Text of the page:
The HITECH Act, which was included in a larger economic stimulus package, officially created the Office of the National Coordinator for Health IT and the meaningful use program.
But much more work remains to fully implement health IT in ways that help our health care system meet the needs of patients, caregivers and providers. We have a responsibility to patients and families to finish the job,” said Debra Ness, president of the National Partnership for Women & Families.
Debra L. Ness, president of the National Partnership for Women & Families, said in a statement that the widespread use of electronic health records by providers made possible by the HITECH Act’s Medicare and Medicaid EHR Incentive programs are “helping to facilitate much-needed culture change by empowering patients.”
Health Information Technology (HIT) policy needs to focus on improving patient medication adherence in order to realize the goals of improving patient health and achieving cost savings in the US health care system, according to an expert panel convened by NEHI (Network for Excellence in Health Innovation) and Prescriptions for a Healthy America.
“This is a reflection of the strong recognition across the country, across region, across class, race, and gender, that something needs to change,” said Vicki Shabo, director of the work and family programs at the National Partnership.
The plan for Stage 3 Meaningful Use is currently being drafted and is expected to ready for submission to the Health IT Policy Committee on the Feb. 14, reports Healthcare IT News.
Women are far less likely than men to get paid leave from their workplaces, according to a new survey commissioned by American Women, the National Partnership for Women & Families, and the Rockefeller Family Fund.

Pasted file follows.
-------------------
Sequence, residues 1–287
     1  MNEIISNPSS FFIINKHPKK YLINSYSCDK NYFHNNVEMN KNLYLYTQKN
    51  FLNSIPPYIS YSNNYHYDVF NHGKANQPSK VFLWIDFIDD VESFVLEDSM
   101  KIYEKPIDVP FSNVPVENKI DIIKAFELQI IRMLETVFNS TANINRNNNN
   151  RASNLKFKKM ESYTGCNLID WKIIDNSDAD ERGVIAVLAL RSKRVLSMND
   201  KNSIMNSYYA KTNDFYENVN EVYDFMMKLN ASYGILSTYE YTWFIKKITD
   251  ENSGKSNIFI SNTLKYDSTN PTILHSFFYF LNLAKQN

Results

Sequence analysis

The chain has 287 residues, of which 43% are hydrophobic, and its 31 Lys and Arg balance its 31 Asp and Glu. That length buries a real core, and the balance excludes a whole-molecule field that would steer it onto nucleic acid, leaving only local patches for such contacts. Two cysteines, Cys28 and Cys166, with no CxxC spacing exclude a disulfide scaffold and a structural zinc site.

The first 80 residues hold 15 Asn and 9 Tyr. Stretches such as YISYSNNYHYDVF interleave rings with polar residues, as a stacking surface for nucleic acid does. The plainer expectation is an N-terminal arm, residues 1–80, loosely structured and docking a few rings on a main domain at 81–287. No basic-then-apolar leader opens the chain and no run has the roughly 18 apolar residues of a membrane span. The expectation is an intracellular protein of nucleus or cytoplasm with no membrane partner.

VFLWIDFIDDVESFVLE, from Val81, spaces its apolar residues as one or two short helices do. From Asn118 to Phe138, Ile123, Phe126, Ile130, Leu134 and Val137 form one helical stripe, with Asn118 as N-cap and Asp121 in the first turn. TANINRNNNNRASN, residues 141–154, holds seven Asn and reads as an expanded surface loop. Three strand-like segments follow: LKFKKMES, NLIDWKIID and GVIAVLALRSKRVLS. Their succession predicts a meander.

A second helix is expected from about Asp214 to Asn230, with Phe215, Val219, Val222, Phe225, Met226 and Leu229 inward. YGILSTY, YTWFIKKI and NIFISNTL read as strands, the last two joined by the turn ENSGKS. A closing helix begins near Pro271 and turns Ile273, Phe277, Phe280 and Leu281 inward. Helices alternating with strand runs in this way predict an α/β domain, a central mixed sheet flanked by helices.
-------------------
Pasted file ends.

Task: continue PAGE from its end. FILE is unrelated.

The push for sick-leave legislation began in San Francisco, where a group of restaurant workers organized support for a measure that was put on the ballot in November 2006, and won with 61 percent of the vote, said Vicki Shabo, director of work and family programs for the National Partnership for Women and Families, a Washington, D.C.-based advocacy group.
"These new data confirm what people across the country have long known, and what too many members of Congress have yet to address - that our nation’s workplace policies are out of sync with real life in this era, and women and families suffer terribly as a result," Ness said in a statement to HuffPost.
In November, the Louisiana Department of Health and Hospitals passed regulations affecting the state’s abortion clinics, imposing new space requirements on abortion providers that not one of the state’s five existing clinics would be able to meet.
It’s now usual for women to work professionally while pregnant, but many encounter significant barriers to success on the job, according to a survey brief released by the National Partnership for Women & Families.
The majority of new moms say they worked while they were pregnant, yet their employers often failed to accommodate their pregnancies before giving birth or their needs afterward, according to a new survey from the National Partnership for Women & Families.
Throughout the country, Ness said, workers need the chance to earn paid sick days so they can "recover from illness and care for sick children and family members."
Debra L. Ness, president of the National Partnership for Women & Families, praised Obama for addressing the issue, but said he can do more to promote pay equity.
“The way people experience these issues isn’t necessarily in buckets," said Vicki Shabo, director of work and family programs at the National Partnership for Women and Families. "The same person may be paid less than her male co-worker and therefore can’t afford child care, and when her kid gets sick she can’t take leave.”
The National Partnership for Women & Families and Childbirth Connection announced that they have joined forces, with Childbirth Connection becoming a core program of the National Partnership.
On the other hand, Vicki Shabo of the National Partnership for Women and Families says paid leave can be a lifesaver for workers. She says more women than ever are breadwinners for their families even as they remain the primary caregiver.
Connecticut is the only state in the nation to have adopted a paid sick leave law, according to the National Partnership for Women & Families, an advocacy group.
“It’s the employer that gets to decide when and under what circumstances you can take this comp time,” National Partnership for Women and Families senior adviser Judith Lichtman told MSNBC at the time, an argument that would be echoed by opponents of the seven-day work week bill.
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